“You Probably Won’t Notice Any Symptoms”: Blood Pressure in Pregnancy—Discourses of Contested Expertise in an Era of Self-Care and Responsibilization

Lisa Hinton* (Corresponding Author), Alison Chisholm, Beth Jakubowski, Sheila Greenfield, Katherine L. Tucker, Richard J. McManus, Louise Locock

*Corresponding author for this work

Research output: Contribution to journalArticlepeer-review

5 Citations (Scopus)


Pregnancy is not a disease or illness, but requires clinical surveillance as life-threatening complications can develop. Preeclampsia, one such potentially serious complication, puts both mother and baby at risk. Self-monitoring blood pressure in the general population is well established, and its potential in pregnancy is currently being explored. In the context of self-monitoring, the information and guidance given to women regarding hypertension, and the literature they themselves seek out during pregnancy, are vital to perceptions of disease risk and subsequent responses to, and management of, any symptoms. Drawing on online, offline, official, and unofficial sources of information, discourses are examined to provide analysis of how self-responsibilization is reflected in contemporary information, advice, and guidance drawn from multiple sources. A paradox emerges between the paternalistic and lay discourses that seek to challenge and regain control. Findings are discussed in the context of Foucault’s governmentality and medical power.

Original languageEnglish
Pages (from-to)1632-1644
Number of pages13
JournalQualitative health research
Issue number9
Early online date11 Jun 2021
Publication statusPublished - 1 Jul 2021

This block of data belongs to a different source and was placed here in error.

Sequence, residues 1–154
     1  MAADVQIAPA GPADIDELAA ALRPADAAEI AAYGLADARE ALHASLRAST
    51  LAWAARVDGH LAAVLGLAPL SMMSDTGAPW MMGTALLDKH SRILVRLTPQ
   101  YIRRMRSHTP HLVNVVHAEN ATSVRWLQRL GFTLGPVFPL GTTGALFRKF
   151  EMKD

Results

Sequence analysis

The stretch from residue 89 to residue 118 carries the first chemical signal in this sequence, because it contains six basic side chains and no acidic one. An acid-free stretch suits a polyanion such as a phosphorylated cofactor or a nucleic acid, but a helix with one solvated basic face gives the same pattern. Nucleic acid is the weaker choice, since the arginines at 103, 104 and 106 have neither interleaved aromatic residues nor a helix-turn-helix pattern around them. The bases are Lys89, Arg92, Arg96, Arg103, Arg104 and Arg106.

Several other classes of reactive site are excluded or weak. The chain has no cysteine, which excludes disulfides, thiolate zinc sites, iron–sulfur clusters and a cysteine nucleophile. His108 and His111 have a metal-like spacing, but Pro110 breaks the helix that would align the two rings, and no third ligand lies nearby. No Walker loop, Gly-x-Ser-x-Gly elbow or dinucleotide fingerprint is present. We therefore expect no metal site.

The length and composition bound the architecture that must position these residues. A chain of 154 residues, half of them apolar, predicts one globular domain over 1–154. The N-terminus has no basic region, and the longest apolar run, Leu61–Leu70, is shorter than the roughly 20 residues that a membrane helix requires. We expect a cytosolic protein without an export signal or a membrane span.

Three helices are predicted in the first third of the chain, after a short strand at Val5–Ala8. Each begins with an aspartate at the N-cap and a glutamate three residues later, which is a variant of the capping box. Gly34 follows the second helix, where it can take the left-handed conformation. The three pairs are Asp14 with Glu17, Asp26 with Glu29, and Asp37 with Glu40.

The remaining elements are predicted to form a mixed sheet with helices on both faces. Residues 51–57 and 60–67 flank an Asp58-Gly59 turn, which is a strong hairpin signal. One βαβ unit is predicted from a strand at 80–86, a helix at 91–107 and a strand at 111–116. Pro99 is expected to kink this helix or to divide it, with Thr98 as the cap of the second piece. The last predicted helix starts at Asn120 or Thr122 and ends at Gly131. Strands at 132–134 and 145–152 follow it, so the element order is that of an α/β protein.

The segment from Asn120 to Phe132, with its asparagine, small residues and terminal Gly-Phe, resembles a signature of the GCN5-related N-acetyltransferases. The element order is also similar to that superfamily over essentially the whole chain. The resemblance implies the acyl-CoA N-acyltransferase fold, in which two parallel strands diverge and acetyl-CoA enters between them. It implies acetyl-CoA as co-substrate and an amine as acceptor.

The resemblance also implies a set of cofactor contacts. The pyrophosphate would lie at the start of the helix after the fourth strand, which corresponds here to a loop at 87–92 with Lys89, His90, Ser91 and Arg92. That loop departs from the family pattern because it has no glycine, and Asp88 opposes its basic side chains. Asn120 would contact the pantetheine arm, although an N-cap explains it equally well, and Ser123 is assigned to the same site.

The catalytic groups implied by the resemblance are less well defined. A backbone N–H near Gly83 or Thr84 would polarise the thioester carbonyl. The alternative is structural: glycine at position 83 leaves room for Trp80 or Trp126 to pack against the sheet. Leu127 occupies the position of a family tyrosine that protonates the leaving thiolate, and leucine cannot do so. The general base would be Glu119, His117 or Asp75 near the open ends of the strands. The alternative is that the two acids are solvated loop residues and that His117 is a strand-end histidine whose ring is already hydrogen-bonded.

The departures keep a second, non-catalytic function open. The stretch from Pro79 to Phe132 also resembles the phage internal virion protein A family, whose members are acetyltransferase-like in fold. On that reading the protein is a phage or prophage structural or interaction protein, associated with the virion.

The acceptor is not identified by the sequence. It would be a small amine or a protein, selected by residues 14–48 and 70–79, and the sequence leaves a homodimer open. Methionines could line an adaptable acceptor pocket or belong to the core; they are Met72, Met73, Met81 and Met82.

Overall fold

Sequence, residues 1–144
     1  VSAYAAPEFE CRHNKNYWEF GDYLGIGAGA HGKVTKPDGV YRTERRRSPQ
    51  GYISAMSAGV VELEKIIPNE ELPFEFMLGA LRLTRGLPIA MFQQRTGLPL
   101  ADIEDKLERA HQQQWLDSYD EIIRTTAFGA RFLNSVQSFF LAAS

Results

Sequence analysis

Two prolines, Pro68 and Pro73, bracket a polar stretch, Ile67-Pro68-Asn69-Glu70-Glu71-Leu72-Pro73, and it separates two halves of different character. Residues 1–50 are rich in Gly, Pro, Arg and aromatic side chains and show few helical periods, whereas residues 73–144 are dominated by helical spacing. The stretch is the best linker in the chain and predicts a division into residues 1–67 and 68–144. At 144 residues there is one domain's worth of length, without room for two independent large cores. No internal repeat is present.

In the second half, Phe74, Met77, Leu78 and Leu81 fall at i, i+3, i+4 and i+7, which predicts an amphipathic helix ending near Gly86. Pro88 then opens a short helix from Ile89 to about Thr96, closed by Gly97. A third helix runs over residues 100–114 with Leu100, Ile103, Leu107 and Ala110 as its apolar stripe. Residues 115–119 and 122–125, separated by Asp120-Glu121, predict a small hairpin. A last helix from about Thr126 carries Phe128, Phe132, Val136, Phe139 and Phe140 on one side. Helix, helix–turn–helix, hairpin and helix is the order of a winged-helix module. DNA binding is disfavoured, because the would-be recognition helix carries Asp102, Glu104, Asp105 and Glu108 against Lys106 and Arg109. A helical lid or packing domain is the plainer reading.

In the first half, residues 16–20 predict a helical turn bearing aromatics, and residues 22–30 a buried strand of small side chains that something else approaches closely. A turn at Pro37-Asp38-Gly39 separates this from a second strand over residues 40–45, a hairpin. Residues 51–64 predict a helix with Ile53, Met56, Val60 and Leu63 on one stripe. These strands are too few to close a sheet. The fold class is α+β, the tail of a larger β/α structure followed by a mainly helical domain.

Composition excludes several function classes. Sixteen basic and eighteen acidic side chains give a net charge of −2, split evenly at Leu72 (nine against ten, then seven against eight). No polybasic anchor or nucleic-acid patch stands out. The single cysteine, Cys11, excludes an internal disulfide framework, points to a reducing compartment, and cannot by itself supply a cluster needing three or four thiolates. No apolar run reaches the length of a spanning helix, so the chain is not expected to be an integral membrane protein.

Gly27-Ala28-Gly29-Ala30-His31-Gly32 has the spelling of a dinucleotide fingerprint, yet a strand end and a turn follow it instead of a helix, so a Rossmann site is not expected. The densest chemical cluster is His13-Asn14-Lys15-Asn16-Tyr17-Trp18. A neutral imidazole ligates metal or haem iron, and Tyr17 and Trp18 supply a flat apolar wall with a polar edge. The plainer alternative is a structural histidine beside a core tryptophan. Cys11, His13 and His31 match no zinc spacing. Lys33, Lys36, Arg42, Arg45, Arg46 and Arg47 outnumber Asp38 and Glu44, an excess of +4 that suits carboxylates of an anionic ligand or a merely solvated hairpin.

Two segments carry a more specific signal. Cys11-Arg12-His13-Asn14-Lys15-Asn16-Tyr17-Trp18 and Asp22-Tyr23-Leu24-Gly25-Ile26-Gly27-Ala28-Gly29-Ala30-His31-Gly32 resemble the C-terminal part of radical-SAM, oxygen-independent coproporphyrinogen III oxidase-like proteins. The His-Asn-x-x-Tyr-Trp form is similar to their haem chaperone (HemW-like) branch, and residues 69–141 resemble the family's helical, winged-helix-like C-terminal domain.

Bibliographical note

Funding Information:
The authors disclosed receipt of the following financial support for the research, authorship, and/or publication of this article: This study was funded by a grant from the National Institute for Health Research (NIHR) National School for Primary Care Research (grant number 310). Dr. Lisa Hinton is based at the Healthcare Improvement Studies Institute (THIS Institute), University of Cambridge. THIS Institute is supported by the Health Foundation, an independent charity committed to bring about better health and health care for people in the United Kingdom. Richard McManus is supported by a Research Professorship from the National Institute for Health Research (NIHR-RP-R2-12-015). Richard McManus is an NIHR Senior Investigator. Katherine Tucker, Richard McManus, and Bethany Jakubowski have received funding from the National Institute for Health Research (NIHR) Collaboration for Leadership in Applied Health Research and Care Oxford (NIHR CLAHRC Oxford), now recommissioned as NIHR Applied Research Collaboration Oxford and Thames Valley. Bethany Jakubowski also receives funding from the Primary Care Research Trust.

Data Availability Statement

Supplemental Material
Supplemental Material for this article is available online at journals.sagepub.com/home/qhr. Please enter the article’s DOI, located at the top right hand corner of this article in the search bar, and click on the file folder icon to view.


  • blood pressure
  • discourse analysis
  • information
  • preeclampsia
  • pregnancy
  • qualitative methods
  • responsibilization
  • self-monitoring
  • United Kingdom


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